What Causes Itchy Gums?

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  • Written By: Erin J. Hill
  • Edited By: Bronwyn Harris
  • Last Modified Date: 28 November 2018
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Itchy gums can be caused by a variety of things, including periodontal disease. Sometimes allergies, taking certain medications, bruxism, or injury to the mouth may cause itching of the gums. Treatment usually includes treating the underlying condition.

One of the most common causes of itchy gums is periodontal disease, primarily gingivitis. Itching can be accompanied by gum soreness, receding gum line, foul breath, and bleeding gums. Most gum diseases are caused by bacteria, and treatment usually involves using medicated mouthwash and toothpaste. These work to kill the bacteria which cause gingivitis and by removing plaque from the teeth and gums.

Sometimes bruxism causes itchy gums if injury is done to the teeth or if receding of the gums occurs. Bruxism is a condition in which one grinds the teeth or clenches the jaw. This can eventually lead to gum and tooth damage by grinding away at the tooth enamel and causing the gums to recede away from the teeth. This condition can be treated by using a specialized mouth guard which prevents grinding from occurring.

Injury to the mouth may also cause itchy gums, especially on injuries involving an open wound. Sometimes as cuts or lesions heal itching can occur. Most wounds to the gums heal on their own, although sometimes medicated mouthwash may be used to speed up the process.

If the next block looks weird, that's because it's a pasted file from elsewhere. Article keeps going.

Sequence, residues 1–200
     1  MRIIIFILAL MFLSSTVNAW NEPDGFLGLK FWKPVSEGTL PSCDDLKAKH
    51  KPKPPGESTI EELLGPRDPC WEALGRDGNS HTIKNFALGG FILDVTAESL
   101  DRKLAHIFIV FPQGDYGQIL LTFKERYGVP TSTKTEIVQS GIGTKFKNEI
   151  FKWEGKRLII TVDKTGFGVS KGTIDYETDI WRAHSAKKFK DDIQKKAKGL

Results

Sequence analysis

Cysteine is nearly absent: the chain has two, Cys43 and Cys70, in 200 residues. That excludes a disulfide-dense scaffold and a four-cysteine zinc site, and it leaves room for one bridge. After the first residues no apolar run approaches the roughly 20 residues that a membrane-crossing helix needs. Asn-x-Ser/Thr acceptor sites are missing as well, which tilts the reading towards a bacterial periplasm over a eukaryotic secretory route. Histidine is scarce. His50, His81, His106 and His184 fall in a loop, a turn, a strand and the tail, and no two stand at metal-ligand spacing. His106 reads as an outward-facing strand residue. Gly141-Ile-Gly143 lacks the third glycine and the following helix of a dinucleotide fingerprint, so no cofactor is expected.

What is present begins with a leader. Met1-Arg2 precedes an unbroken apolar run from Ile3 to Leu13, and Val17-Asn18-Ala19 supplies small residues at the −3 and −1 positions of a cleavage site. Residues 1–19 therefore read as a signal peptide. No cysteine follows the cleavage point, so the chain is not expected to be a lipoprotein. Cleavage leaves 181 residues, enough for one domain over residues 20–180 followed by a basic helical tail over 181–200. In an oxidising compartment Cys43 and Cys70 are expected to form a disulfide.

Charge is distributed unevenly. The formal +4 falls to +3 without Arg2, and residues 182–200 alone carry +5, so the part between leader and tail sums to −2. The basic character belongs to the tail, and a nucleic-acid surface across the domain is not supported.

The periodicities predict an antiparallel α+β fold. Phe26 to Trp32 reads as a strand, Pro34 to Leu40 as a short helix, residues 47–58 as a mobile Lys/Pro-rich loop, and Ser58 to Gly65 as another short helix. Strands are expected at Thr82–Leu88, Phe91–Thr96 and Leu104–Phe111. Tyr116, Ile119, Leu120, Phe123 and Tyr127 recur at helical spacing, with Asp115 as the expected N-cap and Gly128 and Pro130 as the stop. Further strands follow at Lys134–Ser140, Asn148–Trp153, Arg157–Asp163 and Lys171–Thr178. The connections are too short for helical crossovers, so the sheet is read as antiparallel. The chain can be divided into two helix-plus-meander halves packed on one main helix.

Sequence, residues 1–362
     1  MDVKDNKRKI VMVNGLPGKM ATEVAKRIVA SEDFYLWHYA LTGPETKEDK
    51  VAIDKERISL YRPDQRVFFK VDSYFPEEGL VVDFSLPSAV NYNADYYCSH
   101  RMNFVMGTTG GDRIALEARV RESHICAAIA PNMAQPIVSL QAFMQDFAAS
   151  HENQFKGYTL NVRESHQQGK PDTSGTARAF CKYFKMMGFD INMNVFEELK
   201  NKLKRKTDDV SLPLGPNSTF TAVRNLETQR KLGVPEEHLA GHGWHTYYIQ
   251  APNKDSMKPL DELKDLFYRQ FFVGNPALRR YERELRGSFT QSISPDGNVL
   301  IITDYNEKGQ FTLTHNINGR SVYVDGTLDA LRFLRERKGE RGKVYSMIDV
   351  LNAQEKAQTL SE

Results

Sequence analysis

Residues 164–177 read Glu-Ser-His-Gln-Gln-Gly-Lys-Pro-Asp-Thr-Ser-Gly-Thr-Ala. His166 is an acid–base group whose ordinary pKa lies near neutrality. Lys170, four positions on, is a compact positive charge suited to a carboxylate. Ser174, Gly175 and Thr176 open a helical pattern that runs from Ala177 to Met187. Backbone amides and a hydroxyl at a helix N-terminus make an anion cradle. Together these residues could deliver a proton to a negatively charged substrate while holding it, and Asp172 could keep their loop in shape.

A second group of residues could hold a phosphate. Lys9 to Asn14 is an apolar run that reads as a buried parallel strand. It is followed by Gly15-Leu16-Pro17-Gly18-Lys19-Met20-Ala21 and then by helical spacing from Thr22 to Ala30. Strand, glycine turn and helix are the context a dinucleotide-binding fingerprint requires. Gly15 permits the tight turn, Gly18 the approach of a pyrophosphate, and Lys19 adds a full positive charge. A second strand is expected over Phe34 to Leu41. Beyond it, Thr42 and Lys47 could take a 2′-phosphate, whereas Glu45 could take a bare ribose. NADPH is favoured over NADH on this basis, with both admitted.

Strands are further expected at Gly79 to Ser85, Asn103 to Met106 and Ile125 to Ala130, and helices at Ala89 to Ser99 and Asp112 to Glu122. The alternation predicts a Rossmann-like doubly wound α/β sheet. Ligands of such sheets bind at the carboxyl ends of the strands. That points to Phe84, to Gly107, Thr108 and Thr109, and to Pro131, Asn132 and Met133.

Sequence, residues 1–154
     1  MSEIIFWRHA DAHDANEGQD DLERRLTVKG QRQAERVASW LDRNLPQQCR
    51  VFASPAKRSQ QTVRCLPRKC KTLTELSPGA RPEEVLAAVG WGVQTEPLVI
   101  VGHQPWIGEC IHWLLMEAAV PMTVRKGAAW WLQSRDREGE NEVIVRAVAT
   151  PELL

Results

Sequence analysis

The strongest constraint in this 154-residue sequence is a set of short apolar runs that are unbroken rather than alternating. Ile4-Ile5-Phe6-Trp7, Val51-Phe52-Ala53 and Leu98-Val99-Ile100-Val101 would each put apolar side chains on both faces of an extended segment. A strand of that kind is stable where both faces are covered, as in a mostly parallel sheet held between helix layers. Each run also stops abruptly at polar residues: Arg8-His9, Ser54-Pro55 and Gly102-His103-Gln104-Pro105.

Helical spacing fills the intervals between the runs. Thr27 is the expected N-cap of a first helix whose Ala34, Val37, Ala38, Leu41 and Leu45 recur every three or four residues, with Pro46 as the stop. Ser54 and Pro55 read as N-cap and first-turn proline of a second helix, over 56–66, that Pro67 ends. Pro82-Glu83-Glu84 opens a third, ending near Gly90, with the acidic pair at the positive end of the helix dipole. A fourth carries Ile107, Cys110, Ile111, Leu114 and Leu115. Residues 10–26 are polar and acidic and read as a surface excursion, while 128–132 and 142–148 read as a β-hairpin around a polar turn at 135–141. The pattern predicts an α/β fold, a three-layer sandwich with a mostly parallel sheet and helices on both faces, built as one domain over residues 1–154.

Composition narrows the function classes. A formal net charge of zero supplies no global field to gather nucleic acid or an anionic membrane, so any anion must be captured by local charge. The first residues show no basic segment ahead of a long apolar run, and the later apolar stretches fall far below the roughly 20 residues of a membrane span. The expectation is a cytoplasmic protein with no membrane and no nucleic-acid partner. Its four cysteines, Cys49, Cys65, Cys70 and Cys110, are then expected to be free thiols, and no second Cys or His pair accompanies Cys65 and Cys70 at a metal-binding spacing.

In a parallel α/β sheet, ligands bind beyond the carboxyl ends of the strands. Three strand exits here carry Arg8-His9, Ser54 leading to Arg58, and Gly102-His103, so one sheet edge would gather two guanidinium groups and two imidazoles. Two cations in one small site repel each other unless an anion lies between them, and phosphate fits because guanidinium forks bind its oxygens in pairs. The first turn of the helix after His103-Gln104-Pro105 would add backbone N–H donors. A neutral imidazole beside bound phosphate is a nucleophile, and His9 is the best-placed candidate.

In some cases, medications used to treat other conditions may cause itchy gums as a side effect. This is not common, and many times these effects will subside on their own once the body adjusts to the new medication. If not, another drug may be used or the dosage may need to be changed. Other symptoms related to the gums may also be present, since itching is often caused by irritation to the gums.

Itchy gums should always be reported to a dentist or another oral health professional. This is especially true if itching in the gums is accompanied by bleeding, recession of the gum line, soreness or frequent irritation. These are all indications of gum disease, which is a serious health condition. When left untreated, gum disease can result in loss of the teeth and infection. Poor oral health has also been linked to heart disease and other complications.

Most conditions which cause itchy gums can be successfully treated. Very rarely, gum itching can be the sign of an underlying health condition. If no gum problems are uncovered, additional testing may be needed to determine the cause of itching.


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Post 10

Oil pulling does help. You can use any type of refined oil if you don't like the taste of olive or canola oil. Coconut, sesame and almond oil all work well.

Post 8

@Fa5t3r - That sounds like quite an ordeal. I haven't had any trouble with wisdom teeth at all (perhaps I don't have any?) but I can remember my sister complaining that the worst thing about getting hers out was that the site was itchy, but she couldn't scratch it.